Tunnel Section below 100 cfs is not recommended. Ran it and it was extremely scrapy and not worth it.
I've made a you tube video that films most of the rapids...check out:
I also did a video of GCA members going over chucks shoals:
Have a queston ? Was gonna run this river tommrrow but talked to a guy and he said it was not a good run but on this site it is showing runnable anyone know ?
Ran the Etowah from Hwy 52 to Castleberry Bridge on 10/4/09 at 225 cfs. The strainer that was mentioned could be negotiated. You can wiggle underneath the tree on far river right. At a bit higher levels, it might be impassable and require portaging.
At 225, the Etowah was boney, but passable. I wouldn't go down it any lower then that.
Ran Hwy 9 to Castleberry Bridge on 8/28/09. Level on the GA9 gauge was 173cfs at 4.5 feet. I wouldn't run below 5 feet unless you enjoy getting out to walk your boat across the rocks. One riverwide strainer was navigable by going under on the left of the river. Took 3 and a half hours with several breaks, including stopping at the Falls for 20-30 minutes. Beautiful run, and enjoyable if the water levels are a little bit higher.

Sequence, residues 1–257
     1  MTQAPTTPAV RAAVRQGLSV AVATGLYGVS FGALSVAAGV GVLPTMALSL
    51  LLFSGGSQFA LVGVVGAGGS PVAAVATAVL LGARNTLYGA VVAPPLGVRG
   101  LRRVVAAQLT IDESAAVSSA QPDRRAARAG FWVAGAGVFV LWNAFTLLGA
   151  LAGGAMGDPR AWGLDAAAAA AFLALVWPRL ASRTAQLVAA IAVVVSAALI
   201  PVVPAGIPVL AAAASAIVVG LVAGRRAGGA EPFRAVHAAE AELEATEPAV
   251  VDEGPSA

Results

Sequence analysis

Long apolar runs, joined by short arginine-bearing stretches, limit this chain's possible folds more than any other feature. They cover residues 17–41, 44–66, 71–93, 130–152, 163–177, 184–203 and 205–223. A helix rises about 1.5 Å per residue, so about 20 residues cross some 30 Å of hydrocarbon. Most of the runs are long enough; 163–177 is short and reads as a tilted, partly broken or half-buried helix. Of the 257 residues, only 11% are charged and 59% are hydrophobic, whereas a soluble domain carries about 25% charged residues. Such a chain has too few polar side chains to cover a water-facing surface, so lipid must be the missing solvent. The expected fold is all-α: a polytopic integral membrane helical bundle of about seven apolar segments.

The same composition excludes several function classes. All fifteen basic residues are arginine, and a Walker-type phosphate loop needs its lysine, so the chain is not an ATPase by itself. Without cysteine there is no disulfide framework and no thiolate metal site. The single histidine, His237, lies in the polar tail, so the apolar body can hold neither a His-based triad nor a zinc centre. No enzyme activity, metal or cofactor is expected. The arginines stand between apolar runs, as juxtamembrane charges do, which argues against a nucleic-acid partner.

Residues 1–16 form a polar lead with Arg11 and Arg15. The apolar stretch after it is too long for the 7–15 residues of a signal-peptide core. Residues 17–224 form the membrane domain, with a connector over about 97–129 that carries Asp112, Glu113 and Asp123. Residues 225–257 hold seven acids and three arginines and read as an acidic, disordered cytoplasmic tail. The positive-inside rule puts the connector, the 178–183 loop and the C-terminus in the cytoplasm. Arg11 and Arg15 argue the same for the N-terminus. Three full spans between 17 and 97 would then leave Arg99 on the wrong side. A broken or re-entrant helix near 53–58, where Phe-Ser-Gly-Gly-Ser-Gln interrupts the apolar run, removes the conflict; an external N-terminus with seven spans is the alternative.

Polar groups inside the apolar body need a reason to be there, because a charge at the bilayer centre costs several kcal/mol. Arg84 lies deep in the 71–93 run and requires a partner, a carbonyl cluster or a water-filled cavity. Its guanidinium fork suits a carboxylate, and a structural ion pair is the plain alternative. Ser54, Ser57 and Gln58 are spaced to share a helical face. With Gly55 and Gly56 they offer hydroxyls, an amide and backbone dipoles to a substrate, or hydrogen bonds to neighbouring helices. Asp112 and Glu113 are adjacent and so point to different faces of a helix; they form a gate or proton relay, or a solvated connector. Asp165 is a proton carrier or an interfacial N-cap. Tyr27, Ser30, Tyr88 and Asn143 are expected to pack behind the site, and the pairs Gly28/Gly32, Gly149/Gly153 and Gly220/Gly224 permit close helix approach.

Ran this on 8/27/2008 from Hwy 52 to Castleberry. Online gauge said it was down to 200cfs by the time we hit the water at 5:30pm (after work). We finished by 8pm, before sundown. We were paddling in 9' kayaks, and at 200cfs. http://trail.motionbased.com/trail/activity/6624316
We ran the river yesterday from the Hwy 9 bridge to the hwy136 bridge. The flow was 140cfs and was ample flow for an nice float. The entrance to the tunnel was 90% blocked but with a little Kayak Limbo, we made it in. What a ride! Just before the Hwy 136 bridge, there is a tree down completely blocking the river. You must go over it to pass.
Floated the Etowah between Castleberry Bridge and GA 136 on 6/23/07. Haven't had much rain in this area for quite some time, but the river moved pretty good, only had a few times when my boat scrubbed and had to get out and walk a few feet. As said above, stay right at Sawyer's Island (I think it's the first island you come up on), the river to the left is completely blocked. I ran into two spots where a tree blocked the path of the river: one at the cave entrance and one not far above the 136 pull-out. Both are pretty easy to get over.